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Budget 2016: Impacts on the hospitality industry at a glance

Budget 2016: Impacts on the hospitality industry at a glance

08/04/2016 09:45 AM |

George Osborne’s 2016 budget contains some measures that the hospitality industry has welcomed with open arms, whilst others have left a sour taste. The reaction had been mixed, but what does it actually mean for you?

Small business tax relief

From April 2017 the threshold for small business rate relief will increase from £6,000 to a maximum of £15,000, with the higher rate relief also rising from £18,000 to £51,000. He claims that it means 600,000 small firms will not have to pay business rates, and 250,000 will pay lower rates. This will provide a significant saving for independent restaurants, bars, and cafes, and should help to ease the pressure of the rising National Living Wage.

Freeze in beer duty

This freeze means that beer duty is now 17% lower, and 20p cheaper in pubs, than it would have been under the escalator policy. This may seem like a really positive step, however, we are still paying the second highest beer tax in Europe, and with the living wage increase and apprenticeship levy pubs are facing a rise in costs over the coming months.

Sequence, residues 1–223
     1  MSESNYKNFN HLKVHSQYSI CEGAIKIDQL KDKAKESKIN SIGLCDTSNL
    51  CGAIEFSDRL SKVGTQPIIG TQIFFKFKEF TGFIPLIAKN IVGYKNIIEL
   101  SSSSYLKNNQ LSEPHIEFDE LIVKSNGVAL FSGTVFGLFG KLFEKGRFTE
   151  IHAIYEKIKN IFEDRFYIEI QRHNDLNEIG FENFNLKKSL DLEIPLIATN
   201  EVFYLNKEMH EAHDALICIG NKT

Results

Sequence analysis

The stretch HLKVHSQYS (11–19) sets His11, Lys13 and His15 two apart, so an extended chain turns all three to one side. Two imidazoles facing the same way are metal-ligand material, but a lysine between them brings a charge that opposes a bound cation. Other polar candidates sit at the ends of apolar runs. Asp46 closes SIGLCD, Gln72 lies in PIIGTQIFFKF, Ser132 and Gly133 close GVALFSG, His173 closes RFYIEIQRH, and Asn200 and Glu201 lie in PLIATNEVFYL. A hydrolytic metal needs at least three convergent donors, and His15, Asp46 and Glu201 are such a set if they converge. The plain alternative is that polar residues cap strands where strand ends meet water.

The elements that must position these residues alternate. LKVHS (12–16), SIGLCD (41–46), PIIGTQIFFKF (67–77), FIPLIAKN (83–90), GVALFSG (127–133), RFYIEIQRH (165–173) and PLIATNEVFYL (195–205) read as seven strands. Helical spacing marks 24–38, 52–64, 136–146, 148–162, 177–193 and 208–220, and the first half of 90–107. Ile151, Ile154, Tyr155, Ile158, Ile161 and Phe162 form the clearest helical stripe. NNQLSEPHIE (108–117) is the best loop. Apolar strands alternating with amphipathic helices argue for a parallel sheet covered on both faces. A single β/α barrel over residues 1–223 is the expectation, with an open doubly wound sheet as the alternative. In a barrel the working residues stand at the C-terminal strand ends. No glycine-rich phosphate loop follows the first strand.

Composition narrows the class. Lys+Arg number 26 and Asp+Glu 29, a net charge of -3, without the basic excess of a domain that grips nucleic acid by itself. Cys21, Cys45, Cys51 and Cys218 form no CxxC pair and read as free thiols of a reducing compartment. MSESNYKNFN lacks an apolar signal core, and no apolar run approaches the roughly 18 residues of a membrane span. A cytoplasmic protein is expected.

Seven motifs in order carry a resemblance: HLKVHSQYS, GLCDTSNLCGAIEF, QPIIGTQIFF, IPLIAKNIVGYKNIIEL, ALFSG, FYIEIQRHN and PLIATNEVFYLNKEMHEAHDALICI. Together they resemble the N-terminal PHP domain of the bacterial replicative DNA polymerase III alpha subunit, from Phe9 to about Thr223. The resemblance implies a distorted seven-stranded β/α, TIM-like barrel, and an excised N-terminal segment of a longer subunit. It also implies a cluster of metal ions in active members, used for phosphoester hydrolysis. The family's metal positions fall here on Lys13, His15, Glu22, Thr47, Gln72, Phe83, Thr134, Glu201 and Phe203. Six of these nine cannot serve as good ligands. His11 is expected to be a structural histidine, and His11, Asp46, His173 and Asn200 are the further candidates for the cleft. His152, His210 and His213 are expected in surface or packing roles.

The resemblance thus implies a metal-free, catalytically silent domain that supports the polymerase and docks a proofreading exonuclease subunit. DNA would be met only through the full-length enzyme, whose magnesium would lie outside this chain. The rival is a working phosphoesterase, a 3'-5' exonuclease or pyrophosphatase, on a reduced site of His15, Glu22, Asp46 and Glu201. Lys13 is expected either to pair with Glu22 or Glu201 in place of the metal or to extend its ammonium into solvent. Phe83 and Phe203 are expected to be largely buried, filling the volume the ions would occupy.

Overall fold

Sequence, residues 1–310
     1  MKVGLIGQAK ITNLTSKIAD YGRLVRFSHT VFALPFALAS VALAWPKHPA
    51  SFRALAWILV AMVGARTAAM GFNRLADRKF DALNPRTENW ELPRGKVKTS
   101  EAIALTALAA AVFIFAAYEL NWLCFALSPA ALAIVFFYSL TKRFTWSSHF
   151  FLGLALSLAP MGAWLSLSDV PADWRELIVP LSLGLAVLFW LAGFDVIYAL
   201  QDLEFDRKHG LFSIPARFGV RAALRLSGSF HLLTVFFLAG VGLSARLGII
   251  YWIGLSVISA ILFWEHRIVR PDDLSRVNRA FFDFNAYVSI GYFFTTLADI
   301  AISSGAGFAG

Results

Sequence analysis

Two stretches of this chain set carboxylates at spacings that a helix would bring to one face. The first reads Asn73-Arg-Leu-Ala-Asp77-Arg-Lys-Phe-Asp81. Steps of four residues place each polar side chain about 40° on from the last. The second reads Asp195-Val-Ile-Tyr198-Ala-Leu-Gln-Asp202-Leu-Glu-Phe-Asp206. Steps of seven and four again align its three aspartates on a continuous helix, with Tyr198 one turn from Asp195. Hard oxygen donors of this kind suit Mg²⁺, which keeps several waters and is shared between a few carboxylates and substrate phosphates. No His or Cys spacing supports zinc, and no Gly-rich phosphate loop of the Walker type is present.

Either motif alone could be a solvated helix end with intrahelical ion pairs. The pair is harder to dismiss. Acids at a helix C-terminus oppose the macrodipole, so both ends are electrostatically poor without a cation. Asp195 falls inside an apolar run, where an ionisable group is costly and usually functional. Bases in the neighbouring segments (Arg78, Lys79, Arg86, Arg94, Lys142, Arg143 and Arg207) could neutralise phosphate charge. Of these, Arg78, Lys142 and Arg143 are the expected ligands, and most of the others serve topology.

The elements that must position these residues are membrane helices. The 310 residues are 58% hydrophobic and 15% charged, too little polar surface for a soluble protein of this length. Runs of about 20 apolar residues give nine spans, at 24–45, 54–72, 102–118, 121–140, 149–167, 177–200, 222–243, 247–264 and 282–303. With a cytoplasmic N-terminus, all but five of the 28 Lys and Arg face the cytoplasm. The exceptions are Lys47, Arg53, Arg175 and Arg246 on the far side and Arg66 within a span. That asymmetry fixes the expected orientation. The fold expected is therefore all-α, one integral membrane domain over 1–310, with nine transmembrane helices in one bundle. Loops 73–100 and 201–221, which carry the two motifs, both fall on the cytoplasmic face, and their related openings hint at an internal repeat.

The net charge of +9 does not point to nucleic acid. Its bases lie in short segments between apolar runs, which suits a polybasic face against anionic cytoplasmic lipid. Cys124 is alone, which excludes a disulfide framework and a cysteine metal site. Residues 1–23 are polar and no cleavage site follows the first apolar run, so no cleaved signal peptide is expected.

Cut in commercial stamp duty

The stamp duty on commercial property is being cut, for example, if you buy a pub worth £270,000, you used to pay over £8,000 in stamp duty. Now, you will only pay £3,000.  Commercial property worth up to £150,000 will be exempt from paying stamp duty, then a 2% levy on the next £100,000 and 5% for properties of £250,000 or more. This is a big cut for small firms and a tremendous boost for our industry.

The Sugar Tax

In principal this sounds like a great idea, given the statistic we are feed about the obesity crisis and the amount of sugar young people are consuming. However, vital confirmation is needed that this tax will be a levy on producers and will not increase costs for retailers, as these costs shouldn’t be passed onto pubs and bars.

Only time will tell how these will really impact on our industry, but with some clarification on where the costs will fall on the sugar tax, we think it is looking positive for the sector, especially for small businesses.

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